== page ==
Sindh’s colleges unfit for four-year BS programme
Sindh’s colleges unfit for four-year BS programme
After much back and forth, Sindh Government’s Department of College Education and Department of Universities and Boards have finalised a plan to start four-year BS degree programmes across 60 government colleges in Sindh.
For which, the aforementioned departments have also shortlisted 15 colleges in the provincial capital, and recommended them for affiliation with University of Karachi and Lyari University. However, sources privy to the development claim that the decision has been taken on ad hoc basis, with little concern for ground realities of said colleges.
On the other hand, four general universities of Sindh including University of Karachi, University of Sindh in Jamshoro, Shah Abdul Latif University and Shaheed Benazir Bhutto University Lyari have been asked to immediately issue temporary affiliation to all 60 government colleges in Sindh, so that these colleges can enrolling students for the academic year 2021-22.
Speaking in the regard, Karachi University Vice Chancellor Prof Dr Khalid Iraqi revealed that the varsity has not so far received any letter from the college education department requesting the affiliation, and nor has any list of colleges been sent to the university for the same.
Similarly, Lyari University Vice Chancellor Prof Dr Akhtar Baloch stated that that out of 15 colleges earmarked for the BS program, only two colleges have been proposed to be affiliated with Lyari University. These include Government Boys College Jangal Shah and Government Degree College for Girls.
The vice chancellor shared that Jangal Shah College has a total of four or five faculty members, which implies that there is no dedicated teacher for each subject. “The college does not have any library while laboratory and other facilities are also missing. The other is a girls’ college which does not even have toilets,” he lamented.
It should be noted that colleges have to go through a process of scrutiny after which they can be granted affiliation with a public sector university. The colleges must abide by the rules and regulations of the university in order to get its affiliation. The scrutiny involves a check on the required number of faculty related to the relevant subject, required number of books in the library, related laboratories and equipment and machinery, availability of classrooms and furniture and other facilities related to campus infrastructure. Often times, an inspection team is also sent to the college. It reviews the arrangements and recommends whether or not to issue affiliation, after which final approval is given by the academic council of the university.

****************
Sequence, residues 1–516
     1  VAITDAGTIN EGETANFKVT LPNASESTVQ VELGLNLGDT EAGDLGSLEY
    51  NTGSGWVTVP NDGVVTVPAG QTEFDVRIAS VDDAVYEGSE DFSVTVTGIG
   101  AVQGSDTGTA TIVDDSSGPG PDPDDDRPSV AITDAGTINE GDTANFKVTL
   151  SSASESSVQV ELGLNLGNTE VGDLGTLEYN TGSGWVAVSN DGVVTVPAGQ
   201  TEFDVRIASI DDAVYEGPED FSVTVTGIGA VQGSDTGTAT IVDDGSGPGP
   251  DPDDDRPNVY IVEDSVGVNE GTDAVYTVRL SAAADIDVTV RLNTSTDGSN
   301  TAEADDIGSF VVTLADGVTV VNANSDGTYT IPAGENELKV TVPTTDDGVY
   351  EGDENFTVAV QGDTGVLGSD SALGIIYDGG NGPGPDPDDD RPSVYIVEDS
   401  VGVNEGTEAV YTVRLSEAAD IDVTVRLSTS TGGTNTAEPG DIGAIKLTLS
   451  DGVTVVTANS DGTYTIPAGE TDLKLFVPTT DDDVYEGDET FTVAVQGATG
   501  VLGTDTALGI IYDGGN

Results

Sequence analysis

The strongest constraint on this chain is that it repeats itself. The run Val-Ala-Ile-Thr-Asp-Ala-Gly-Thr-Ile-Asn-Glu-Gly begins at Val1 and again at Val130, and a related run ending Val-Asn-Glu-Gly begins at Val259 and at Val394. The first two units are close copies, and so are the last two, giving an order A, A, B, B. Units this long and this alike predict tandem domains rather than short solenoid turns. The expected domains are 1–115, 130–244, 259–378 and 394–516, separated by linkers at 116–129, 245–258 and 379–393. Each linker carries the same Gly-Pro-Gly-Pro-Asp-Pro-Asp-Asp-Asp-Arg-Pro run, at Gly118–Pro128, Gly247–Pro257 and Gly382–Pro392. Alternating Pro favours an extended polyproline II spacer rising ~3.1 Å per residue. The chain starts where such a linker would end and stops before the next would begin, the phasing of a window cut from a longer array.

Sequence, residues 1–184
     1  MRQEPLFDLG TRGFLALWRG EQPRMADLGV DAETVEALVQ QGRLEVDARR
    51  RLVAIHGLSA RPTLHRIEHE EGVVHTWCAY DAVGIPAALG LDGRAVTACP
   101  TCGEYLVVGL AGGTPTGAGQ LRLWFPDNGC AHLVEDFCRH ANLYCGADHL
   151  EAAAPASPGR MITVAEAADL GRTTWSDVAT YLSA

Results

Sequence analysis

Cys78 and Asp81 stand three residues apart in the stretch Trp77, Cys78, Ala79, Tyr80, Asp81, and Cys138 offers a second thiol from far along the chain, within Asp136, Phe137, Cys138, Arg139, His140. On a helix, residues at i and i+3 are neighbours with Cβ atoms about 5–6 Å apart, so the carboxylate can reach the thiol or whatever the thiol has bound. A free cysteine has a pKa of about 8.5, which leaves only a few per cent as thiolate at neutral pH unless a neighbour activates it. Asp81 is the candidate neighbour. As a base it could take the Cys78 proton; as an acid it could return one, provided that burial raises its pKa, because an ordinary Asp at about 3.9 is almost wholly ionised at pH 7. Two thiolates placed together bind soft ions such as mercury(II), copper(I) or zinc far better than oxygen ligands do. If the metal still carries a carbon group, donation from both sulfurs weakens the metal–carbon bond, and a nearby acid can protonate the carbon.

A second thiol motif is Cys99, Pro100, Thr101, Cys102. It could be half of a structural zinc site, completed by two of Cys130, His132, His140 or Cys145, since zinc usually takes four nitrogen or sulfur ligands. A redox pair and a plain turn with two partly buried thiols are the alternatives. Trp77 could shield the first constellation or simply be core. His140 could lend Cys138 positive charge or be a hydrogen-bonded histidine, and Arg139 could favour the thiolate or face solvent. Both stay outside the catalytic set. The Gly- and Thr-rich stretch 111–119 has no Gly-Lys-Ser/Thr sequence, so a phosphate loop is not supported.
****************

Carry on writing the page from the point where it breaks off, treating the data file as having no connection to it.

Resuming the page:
As for Sindh’s government colleges, most of them are a fry cry from an affiliation-deserving institute, owing to an acute shortage of teachers. The deficiency is met by hiring part-time teachers. However, sources claim that after the provincial educational authorities waived off admission and tuition fees in government colleges and schools, the colleges no longer have funds to hire part-time teachers. In addition, the situation of infrastructure and libraries in government colleges is also deteriorating.
Moreover, as per requirements and rules laid down by the Higher Education Commission (HEC), four-year degree programs must operate under the semester system in which exams are to be held twice a year. Contrary to which, government colleges in Sindh still continue to run on the traditional annual system of examinations in which exams are held after a full academic year. “In addition to that, training is also factor to be considered, as college teachers are generally unaware of the functioning of the semester system under which BS programmes operate with eight semesters spread over four years,” the source commented.
On top of which, surveys reveal that none of the 60 government colleges recommended for affiliation have preparations in place to commence the four-year BS programme, while the Regional Directorate of College Education in Karachi has just issued a single letter to Karachi University and Lyari University requesting immediate affiliation. Despite the odds, which include dearth of faculty, crumbling infrastructure and non-compliance with HEC rules, the letter has further directed the concerned colleges to be ready to start the BS programme citing a court order.
According to government sources, colleges which already have affiliation to the two-year programme are recommended for immediate issuance of affiliation for the four-year programme. The directions have been endorsed by the department of universities and boards so that it could also submit its compliance report to the court and complete its paper work. “However, the department itself has not even inquired about the list of colleges which are proposed for affiliation neither it has bothered to inquire upon the availability and quality of academics and infrastructure necessary to run the BS programme,” the source informed The Express Tribune.
Published in The Express Tribune, October 22nd, 2021.
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